Moneybeat - Counting political capital
WORLD Radio - Moneybeat - Counting political capital
The disaster in Afghanistan could have ripple effects in domestic economic policy
MARY REICHARD, HOST: Next up on The World and Everything in It: the Monday Moneybeat.
NICK EICHER, HOST: Financial analyst and adviser David Bahnsen joins us now for our conversation on the economy. David, I’ve missed talking to you over the past few weeks. Good to see you. Good morning.
DAVID BAHNSEN, GUEST: Well, good to be with you. Welcome back.
EICHER: I know—strictly speaking—the story of the collapse in Afghanistan is the big news story, but do you see any economic import in the extraordinary events unfolding right now there?
BAHNSEN: Well, I think that in terms of the news cycle, and in terms in terms of the global stage, that Afghanistan story is certainly the predominant story right now. But an angle that I studied quite intently this week, Nick was where the Afghanistan story it could become relevant to the domestic spending and tax story. Because I do believe that the president, I guess, the polite figure speeches, he's taken on some water. With the handling of Afghanistan issue, I actually think it's much, much worse than that for him politically. But I'm more just making the sort of pragmatic comment that a president with a little less political capital, has less leverage when you're trying to pass legislation. These things can become very troublesome on the margin. I think the size of the eventual spending package got smaller this week, because I think the political leverage that the president and the progressives have has been weakened.
EICHER: Weakened in the sense—and maybe not a direct-line relationship—not, “Biden blew it in Afghanistan, so we’re going to punish him legislatively,” but because he’s weakened in terms of political capital, you’re saying to the extent that he lacks political strength, he lacks the ability to push through something controversial or difficult.
BAHNSEN: That's right. And I think he more specifically, he lacks the the fear factor to moderates in resisting him. And so I think that generally with a popular president of your party, it's very difficult to resist, especially when it says, quote, unquote, signature legislative achievement, the 3.5 trillion, they would be heralding as kind of a generational legislative achievement. I would argue it is a generational legislative achievement as well, just I would argue that negatively they would argue it positively.
So I think that the willingness to resist is somewhat emboldened. And by the way, I think it existed even before the tragic events here with the Taliban and coming back to power in Afghanistan. I think that there already was a pragmatic realization of particularly House Democrats are up for reelection, obviously, in a year, that voting with the president on this could cost them their seat, not help them with their seat.
Now, what you have here, Nick, is very interesting is a dilemma where the House moderates can be pacified, they will pass a bill, they wanted to be smaller, they want a couple other things in it, they want a lot of things taken out of it last tax increases, but then I think you lose some of the progressive votes that are also needed. So it isn't just keeping the moderates happy. It's keeping the moderates happy while keeping the other side of the boat happy.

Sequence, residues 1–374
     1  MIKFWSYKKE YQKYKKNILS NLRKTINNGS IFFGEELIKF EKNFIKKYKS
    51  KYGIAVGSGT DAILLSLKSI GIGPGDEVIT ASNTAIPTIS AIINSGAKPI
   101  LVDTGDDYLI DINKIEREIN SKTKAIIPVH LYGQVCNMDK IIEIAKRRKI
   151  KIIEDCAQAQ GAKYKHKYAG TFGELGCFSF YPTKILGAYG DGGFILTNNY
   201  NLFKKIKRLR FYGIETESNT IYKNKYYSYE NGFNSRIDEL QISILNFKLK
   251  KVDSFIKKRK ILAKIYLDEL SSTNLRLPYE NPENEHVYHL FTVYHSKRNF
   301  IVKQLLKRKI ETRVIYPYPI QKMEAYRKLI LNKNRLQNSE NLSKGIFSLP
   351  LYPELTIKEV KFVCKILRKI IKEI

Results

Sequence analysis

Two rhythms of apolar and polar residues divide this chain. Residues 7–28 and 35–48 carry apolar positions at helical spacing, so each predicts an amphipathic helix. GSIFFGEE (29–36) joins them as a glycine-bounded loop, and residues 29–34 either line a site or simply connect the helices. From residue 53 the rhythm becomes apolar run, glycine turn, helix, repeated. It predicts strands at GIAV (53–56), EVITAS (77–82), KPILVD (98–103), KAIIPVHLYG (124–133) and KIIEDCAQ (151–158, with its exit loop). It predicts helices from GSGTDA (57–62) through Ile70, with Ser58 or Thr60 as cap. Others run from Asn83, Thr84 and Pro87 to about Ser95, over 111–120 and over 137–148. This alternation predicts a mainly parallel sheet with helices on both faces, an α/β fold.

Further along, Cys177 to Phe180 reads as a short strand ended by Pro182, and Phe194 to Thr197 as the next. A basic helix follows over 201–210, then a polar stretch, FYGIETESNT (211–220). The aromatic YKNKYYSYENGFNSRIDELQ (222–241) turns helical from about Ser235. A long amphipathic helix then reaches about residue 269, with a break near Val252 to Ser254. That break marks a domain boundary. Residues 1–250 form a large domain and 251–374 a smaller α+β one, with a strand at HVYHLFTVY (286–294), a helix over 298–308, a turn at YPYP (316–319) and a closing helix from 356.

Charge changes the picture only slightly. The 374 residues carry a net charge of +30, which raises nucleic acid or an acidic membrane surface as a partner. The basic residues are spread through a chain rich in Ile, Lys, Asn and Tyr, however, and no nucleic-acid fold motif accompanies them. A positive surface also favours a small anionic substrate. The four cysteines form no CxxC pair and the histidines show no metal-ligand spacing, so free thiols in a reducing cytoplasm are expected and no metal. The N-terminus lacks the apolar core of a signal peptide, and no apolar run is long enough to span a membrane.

And that's a tension that I'm not saying cannot be resolved. I have a very high regard for Speaker Pelosi's political and tactical giftedness. And I mean that just only within the category I specifically specified, but I don't know how they're going to do it. And so that's what bears watching. And that's what is really playing out right now.
And with each passing day, things are not getting better for the White House. They're really getting worse day by day.
EICHER: Quickly before we go—as we turn the corner out of summer and into flu season, do you have the sense that the Delta variant of Covid is going to have any kind of economic ripple effect at all? That Covid fires back up and the economy slows down?
BAHNSEN: Yeah, no, not a ripple effect. But it was last week that we talked about a marginal effect, and I'm quite confident of that. I think that there will be on the margin events that get cancelled or or or capacities that get limited. The number one thing offsetting it, though, and this seems to me to be overwhelmingly true, is it the people just won't do it.
There's almost no real way at this point. You know, I don't have any fear at all of the extreme nonsense that's going on, let's say like in New Zealand and Australia. For the most part, I think, even the most statist-prone of lawmakers are going to play off of the declining data that will inevitably get here in the weeks to come.
So you've seen the kind of spike up in it, the data will start to improve and then people will back down. But even in the ramping up, I think it's been marginal in what people have tried to do to slow down economic activity, not ripple effect.
EICHER: David Bahnsen, financial analyst and adviser. He writes at dividendcafe.com. And that’s your Monday Moneybeat. Thanks David, appreciate it.
BAHNSEN: Thanks, as always, Nick.
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